New WUR data storage: goodbye flash drive

December 11, 2020

The terms iRODS and Yoda may sound more like figures in a Star Wars movie than useful software researchers can use to store data. The Wageningen Data Competence Centre (WDCC) is rolling out the system throughout WUR over the next few months. Infrastructure coordinator Erik van den Bergh: ‘All it takes to store results, share them with others and make them available for future researchers, is a few mouse clicks.’

Over the past months, the WDCC ran several successful pilots with the software, says Erik van den Bergh, WDCC infrastructure coordinator since 2017. ‘iRODS (integrated Rule Oriented Data System) was developed in the United States by universities to create a uniform method of filing and sharing data. But, as the programme seemed rather complicated, Utrecht University developed the expansion Yoda (Your Data). This allows researchers to store their data in a simple filing structure similar to that on the W-disk or Dropbox.’

Results are stored in folders, similar to those you use on your W-drive or Dropbox.
A screenshot of the simple folder structure used by Yoda, the online software that makes storing and sharing data easy. Image: private photograph
A screenshot of the simple folder structure used by Yoda, the online software that makes storing and sharing data easy. Image: private photograph

Advantages of central storage: trustworthy and accessible

‘These new storage systems are a lot safer than the still frequently used flash drives, external hard disks or Google and Dropbox cloud storage.’ Those devices and login codes often disappear along with the researcher when he or she takes a position elsewhere or retires, says Van den Bergh. ‘A summary of the research data is provided in publications, but the raw data is often unavailable or difficult to locate.’ And it is precisely this raw data scientists need if they wish to replicate a study at a later time, which is often done to support the conclusions. ‘You would also require the metadata: information on equipment and research conditions etc. Now, researchers have to enter this information repeatedly in text documents with all their partial results. In Yoda, you only have to do this once.’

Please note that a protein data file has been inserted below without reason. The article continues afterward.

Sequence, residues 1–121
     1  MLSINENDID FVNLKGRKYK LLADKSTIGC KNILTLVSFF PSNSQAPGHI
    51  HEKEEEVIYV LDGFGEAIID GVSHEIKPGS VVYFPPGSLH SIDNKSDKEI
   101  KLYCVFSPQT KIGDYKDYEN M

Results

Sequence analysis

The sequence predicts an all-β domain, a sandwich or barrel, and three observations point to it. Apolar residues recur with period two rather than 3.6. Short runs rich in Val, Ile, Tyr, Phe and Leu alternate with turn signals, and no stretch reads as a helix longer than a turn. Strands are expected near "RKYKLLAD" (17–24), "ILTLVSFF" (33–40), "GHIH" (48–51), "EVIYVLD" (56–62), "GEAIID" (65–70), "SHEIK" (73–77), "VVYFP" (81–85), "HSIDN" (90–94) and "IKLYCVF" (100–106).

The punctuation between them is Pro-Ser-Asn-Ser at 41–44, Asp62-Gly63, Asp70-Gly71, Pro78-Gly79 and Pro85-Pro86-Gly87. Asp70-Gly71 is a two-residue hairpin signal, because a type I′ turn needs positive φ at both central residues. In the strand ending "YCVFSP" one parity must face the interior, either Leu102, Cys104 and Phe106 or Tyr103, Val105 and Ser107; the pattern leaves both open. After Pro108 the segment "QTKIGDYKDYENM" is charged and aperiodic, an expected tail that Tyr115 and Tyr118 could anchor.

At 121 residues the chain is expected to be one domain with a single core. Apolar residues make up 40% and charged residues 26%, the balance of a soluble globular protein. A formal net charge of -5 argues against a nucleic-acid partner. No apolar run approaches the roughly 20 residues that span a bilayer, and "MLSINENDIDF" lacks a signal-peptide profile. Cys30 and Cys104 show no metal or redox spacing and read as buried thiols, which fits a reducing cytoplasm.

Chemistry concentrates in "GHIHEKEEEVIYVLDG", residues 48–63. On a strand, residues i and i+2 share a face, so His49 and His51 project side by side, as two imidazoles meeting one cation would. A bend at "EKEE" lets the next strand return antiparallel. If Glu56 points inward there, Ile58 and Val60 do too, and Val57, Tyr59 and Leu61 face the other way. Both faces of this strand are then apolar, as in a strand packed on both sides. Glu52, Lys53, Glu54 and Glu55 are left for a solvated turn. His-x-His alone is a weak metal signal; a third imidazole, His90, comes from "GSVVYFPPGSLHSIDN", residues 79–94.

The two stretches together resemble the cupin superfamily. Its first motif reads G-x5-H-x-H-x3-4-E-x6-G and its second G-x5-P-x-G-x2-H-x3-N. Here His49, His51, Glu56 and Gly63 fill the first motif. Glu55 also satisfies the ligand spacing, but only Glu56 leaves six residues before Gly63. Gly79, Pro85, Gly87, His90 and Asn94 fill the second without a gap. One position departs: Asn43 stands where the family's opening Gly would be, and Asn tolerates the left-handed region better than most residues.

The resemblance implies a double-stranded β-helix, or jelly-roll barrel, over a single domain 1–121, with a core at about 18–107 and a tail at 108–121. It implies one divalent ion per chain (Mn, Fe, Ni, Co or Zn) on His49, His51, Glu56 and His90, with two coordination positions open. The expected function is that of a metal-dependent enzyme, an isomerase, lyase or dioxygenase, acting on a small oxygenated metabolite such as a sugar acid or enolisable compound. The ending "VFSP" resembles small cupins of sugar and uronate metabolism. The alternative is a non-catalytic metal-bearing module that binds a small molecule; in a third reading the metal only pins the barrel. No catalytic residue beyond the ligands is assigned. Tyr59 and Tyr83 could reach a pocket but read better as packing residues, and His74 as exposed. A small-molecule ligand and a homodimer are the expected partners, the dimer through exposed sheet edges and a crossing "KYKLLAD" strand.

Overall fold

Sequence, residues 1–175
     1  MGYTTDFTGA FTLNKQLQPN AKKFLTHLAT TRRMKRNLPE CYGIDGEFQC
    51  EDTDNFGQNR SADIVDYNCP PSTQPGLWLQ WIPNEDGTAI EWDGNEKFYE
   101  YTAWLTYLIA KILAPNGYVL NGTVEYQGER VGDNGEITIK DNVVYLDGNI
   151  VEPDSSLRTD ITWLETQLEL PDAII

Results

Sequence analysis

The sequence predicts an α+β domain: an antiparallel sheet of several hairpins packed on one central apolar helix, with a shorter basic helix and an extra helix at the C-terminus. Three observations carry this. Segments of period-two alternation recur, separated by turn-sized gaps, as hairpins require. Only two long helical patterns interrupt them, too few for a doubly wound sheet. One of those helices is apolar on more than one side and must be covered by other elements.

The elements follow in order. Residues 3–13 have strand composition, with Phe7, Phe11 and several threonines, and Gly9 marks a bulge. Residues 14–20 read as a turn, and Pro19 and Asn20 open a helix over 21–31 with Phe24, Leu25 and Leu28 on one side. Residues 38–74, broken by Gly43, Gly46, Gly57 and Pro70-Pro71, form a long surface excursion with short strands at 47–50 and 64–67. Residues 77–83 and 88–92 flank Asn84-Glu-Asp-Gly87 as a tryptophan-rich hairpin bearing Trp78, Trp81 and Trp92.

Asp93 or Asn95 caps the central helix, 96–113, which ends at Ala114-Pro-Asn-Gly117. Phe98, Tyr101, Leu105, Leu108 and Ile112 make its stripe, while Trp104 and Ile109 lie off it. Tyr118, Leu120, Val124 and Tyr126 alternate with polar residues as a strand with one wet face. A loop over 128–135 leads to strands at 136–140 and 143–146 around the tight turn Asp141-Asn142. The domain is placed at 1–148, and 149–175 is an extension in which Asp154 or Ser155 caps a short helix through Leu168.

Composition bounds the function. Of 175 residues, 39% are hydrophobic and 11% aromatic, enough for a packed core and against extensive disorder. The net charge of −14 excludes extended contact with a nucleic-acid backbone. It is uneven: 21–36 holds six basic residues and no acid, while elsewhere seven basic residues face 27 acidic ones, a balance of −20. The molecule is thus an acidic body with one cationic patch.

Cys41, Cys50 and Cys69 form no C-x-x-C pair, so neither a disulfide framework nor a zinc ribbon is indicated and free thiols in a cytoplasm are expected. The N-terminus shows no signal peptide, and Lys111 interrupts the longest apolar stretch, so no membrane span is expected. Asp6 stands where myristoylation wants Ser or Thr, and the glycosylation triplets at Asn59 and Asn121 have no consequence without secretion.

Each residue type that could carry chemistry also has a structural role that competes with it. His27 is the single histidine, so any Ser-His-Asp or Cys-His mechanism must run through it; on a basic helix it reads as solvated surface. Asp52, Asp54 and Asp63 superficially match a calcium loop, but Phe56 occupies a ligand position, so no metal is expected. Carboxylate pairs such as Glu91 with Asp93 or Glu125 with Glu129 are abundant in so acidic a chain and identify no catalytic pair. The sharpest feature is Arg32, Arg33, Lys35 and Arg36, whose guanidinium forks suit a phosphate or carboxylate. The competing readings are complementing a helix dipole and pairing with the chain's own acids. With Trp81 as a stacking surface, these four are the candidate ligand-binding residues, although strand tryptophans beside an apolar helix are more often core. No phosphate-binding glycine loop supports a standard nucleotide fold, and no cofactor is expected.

This new storage system meets the NWO (Dutch Research Council) requirements.

Centralised and safe

All data is stored on the WUR or SURF servers using the new software. SURF is a national IT platform for science. ‘We are working in stages, but I feel confident in saying we already have more than sufficient space to store all of WUR’s research data, and we are still adding more room.’ Storing everything in one place: how safe is that? ‘Very safe. We have back-ups and back-ups of the back-ups. Moreover, the systems have been secured in such a way they are safe for storing personal data such as surveys and business information’, says coordinator Van den Bergh. ‘In any event, it is much safer than Google or Dropbox cloud storage, or a flash drive you may easily misplace.’

FAIR = meeting the (international) standards

Wageningen researchers benefit from using Yoda in their work. Moreover, in doing so, they meet the international standards, Van den Bergh stresses. ‘The G20 declared in 2016 that all research data storage should meet the FAIR principle: Findable, Accessible, Interoperable and Reusable. The Dutch Research Council (Dutch acronym NWO) demands researchers meet the FAIR standards in their research if they wish to be considered for funding. By deploying iRODS and Yoda, WUR is pioneering in this regard.’

Proper data management can save the researcher a lot of work.

Data management unburdens the researcher

After watching a simple PowerPoint presentation, every researcher can use the software. But data management offers many more possibilities, the WDGG coordinator explains enthusiastically. ‘I understand that the whole computer issue is not a top priority for many researchers. But we can consult with researchers to see how WDCC can help. Sometimes, other groups at the university have already developed software that is useful for you.’ And, it can even save a lot of labour or elevate the research to a higher level. Consider, for example, the possibility of analysing thousands of satellite images at once.

Read the entire interview with Erik van den Berg on the possibilities of data.